2.5m people with mental health problems who fell into debt during pandemic considered suicide

A new report by the Money and Mental Health Policy Institute has revealed that 2.5m people with mental health problems who fell into debt during pandemic considered suicide.

The new report, ‘The state we’re in: money and mental health in a time of crisis’, offers a state-of-the-nation snapshot of the financial and mental wellbeing of people across the UK during the pandemic.

In particular, it reveals a deeply troubling insight into the financial difficulties people with mental health problems have faced during the pandemic, and the devastating psychological impact they have had.

The research shows that common symptoms of mental health problems — such as reduced concentration or memory problems — can make it extremely difficult to manage money at the best of times.

But during the pandemic, these challenges were compounded by loss of income and employment, poor health, and reductions and delays to benefits payments. These factors have contributed to people with mental health problems facing a much bigger risk of financial hardship during the pandemic than the wider population.

National polling undertaken by Opinium on behalf of Money and Mental Health (1) shows that during the pandemic, people with mental health problems were:

  • Three times more likely to have fallen into problem debt than the wider population (15% compared to 4%).
  • Nearly twice as likely to have racked up debts equivalent to 50% of their income or more (15% compared to 8%).
  • More than twice as likely to have relied on credit or borrowing to cover every day spending — for example, on food or heating (26% compared to 11%).
  • More likely to have had zero savings to help them cope with emergencies. 1 in 4 people with mental health problems say they have no savings that they could use in emergencies (compared to 18% of the wider population), and nearly half (46%) say they can’t afford to save money regularly.
  • At high risk of considering suicide when behind on payments. 44% of UK adults with mental health problems who fell behind on bills last year either considered or attempted to take their own life. If reflected nationally, that amounts to 2.5m in people in total.
  • The risk of people becoming suicidal increased with the level of debt. 58% of those with debts over £30k saying they considered or attempted suicide during the pandemic.

The report also highlights that a worrying number of people with mental health and debt problems missed out on covid-related support measures. Despite 18% of people with mental health problems falling behind on water payments, only 6% were able to access a water payment holiday. Similarly, 17% of people with mental health problems missed credit card payments, but only 7% accessed a credit payment holiday.

Many people with mental health problems say they were unaware that this support was available, could not contact essential services providers to ask for it due to experiencing crippling admin anxiety, or did not receive additional support even if they did ask.

Money and Mental Health is making a number of wide-ranging recommendations to government, essential services providers (2) and healthcare professionals on how they can reduce the enormous pressures that people with mental health and debt problems face:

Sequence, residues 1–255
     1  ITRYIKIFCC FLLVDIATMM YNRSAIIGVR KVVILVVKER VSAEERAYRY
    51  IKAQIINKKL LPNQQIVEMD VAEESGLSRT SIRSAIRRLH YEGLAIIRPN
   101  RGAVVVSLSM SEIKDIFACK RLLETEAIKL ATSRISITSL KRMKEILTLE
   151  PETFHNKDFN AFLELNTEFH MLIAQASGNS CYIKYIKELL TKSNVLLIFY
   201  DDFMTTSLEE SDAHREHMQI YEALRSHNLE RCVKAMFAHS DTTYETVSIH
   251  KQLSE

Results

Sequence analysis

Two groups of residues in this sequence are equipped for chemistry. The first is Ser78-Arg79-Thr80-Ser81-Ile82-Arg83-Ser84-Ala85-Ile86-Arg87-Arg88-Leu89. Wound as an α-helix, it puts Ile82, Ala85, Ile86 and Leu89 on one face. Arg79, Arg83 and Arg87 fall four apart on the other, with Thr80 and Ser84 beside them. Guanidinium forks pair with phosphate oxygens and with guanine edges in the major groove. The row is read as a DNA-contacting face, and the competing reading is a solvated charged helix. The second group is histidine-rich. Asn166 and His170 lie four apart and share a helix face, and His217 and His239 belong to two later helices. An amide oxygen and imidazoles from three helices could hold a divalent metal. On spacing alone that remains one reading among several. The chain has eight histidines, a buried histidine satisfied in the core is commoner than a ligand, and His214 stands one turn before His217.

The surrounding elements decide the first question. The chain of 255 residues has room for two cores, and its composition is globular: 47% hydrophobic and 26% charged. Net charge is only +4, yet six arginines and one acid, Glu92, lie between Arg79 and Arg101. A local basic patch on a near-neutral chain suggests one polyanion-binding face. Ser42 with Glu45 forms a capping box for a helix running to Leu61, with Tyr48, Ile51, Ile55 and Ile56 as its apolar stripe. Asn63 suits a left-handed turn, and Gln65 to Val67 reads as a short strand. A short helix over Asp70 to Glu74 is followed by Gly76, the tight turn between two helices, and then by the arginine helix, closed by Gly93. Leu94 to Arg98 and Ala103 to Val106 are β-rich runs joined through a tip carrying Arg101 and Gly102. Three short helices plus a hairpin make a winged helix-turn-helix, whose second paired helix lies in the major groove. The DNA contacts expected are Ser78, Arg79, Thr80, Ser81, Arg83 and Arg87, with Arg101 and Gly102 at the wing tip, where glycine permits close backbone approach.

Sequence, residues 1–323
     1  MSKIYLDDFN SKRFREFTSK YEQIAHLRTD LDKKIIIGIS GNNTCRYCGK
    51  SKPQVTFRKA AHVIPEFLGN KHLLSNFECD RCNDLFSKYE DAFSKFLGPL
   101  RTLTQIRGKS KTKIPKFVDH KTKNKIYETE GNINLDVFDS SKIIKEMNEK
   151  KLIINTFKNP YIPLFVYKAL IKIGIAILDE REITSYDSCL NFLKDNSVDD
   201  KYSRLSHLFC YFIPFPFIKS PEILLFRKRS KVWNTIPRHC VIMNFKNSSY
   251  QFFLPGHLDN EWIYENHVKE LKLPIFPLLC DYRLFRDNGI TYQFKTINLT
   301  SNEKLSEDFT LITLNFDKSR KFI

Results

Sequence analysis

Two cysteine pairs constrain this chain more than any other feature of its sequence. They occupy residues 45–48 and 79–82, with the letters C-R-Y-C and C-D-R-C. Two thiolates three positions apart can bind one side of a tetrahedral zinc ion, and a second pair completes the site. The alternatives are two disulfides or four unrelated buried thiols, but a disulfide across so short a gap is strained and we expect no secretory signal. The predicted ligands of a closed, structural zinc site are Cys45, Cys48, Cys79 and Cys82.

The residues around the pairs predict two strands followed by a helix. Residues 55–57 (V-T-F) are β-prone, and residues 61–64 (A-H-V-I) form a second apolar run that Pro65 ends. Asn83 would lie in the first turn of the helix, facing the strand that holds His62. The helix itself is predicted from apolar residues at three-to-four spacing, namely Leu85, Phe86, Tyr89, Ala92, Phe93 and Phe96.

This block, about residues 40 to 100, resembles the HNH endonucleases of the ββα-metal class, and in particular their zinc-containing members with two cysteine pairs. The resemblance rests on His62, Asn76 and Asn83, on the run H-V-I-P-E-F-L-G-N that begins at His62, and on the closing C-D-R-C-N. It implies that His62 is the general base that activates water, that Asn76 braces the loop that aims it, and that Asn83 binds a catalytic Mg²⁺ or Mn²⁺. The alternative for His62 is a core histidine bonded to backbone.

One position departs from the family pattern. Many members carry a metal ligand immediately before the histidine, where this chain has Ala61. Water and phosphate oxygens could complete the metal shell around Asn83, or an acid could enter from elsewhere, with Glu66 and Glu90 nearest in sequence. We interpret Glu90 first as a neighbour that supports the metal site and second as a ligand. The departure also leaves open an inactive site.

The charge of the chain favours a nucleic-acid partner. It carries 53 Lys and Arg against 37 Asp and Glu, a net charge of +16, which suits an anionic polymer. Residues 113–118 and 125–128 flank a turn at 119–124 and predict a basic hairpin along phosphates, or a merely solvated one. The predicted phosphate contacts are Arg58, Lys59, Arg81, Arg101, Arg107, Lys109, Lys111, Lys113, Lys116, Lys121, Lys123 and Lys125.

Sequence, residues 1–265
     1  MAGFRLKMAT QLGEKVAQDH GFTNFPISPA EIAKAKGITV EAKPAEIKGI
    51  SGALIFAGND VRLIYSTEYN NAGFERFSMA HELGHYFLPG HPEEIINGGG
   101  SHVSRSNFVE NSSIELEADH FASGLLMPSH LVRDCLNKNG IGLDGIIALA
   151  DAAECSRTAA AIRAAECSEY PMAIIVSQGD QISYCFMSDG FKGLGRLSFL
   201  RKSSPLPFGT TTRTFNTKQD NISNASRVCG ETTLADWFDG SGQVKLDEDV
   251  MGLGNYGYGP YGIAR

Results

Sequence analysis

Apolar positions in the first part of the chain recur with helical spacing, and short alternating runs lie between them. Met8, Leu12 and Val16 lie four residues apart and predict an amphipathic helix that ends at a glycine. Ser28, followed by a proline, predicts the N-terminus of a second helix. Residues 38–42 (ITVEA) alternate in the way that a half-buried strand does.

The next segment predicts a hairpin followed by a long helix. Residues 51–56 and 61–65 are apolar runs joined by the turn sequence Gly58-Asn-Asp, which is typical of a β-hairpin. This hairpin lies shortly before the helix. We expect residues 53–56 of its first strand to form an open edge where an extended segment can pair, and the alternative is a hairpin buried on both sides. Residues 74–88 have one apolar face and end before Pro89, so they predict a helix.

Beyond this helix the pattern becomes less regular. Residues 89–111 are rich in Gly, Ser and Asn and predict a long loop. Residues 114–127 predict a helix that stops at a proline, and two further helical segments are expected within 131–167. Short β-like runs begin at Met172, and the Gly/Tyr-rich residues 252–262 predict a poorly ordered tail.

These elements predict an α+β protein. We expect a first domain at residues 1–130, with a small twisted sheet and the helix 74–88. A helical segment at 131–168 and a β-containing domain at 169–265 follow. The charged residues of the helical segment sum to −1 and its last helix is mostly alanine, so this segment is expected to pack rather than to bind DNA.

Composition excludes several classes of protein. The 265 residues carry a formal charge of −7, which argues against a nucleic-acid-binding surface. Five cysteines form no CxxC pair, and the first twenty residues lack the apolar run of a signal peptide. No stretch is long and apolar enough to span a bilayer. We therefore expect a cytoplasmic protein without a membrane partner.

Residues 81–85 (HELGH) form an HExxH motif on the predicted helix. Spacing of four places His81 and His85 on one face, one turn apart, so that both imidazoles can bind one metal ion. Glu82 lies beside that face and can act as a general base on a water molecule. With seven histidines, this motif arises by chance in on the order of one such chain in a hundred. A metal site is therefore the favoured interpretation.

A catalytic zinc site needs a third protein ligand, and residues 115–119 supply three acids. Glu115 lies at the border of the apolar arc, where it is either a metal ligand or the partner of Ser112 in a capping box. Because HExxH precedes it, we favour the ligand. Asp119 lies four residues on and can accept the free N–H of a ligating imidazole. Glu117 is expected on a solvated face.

• The government should prioritise tackling the links between debt, mental health problems and suicide in its pandemic recovery plans. The Health Secretary Sajid Javid recently announced plans for a cross government white paper on health prevention and inequalities. Addressing the link between financial difficulty and serious mental health problems should be at the heart of this plan, to give people a better chance of recovering from both.
  • GPs, A&E departments and community mental health services should routinely ask people receiving treatment for mental health problems about their finances, and provide clear signposting pathways in place to assist those who need it.
  • Banks, energy companies and other essential services providers should proactively identify customers who may be struggling, and improve the support they offer. This could include developing better processes for referring people to debt advice, offering realistic repayment plans, freezing interest and charges, and reviewing decisions on debt collection for customers with mental health problems.

Commenting on the research, Martin Lewis, Founder and Chair of the Money and Mental Health Policy Institute, said:

“The pandemic financially split the nation. Many gained – those who had support and lower costs often built up savings. Yet for others, it was catastrophic, and it’s a national tragedy that a disproportionate number of that group are those struggling with their mental health who missed out on the support they need to avoid reaching crisis point.

“We’re only beginning to understand the full impact of the pandemic on our lives. But these shocking findings make it clear that too many people with mental health and debt problems were excluded from help and allowed to slip through the cracks, and the results have been disastrous.

“This is about raising an alarm. Government, health professionals and essential services need to double down on efforts to stop people with mental health problems falling further into financial hardship. Prevention is better, and in the long run cheaper for the nation, than cure.

“I hope the rhetoric about ‘building back better’ from the pandemic is more than just a soundbite, as there is no time to waste – lives are at stake.”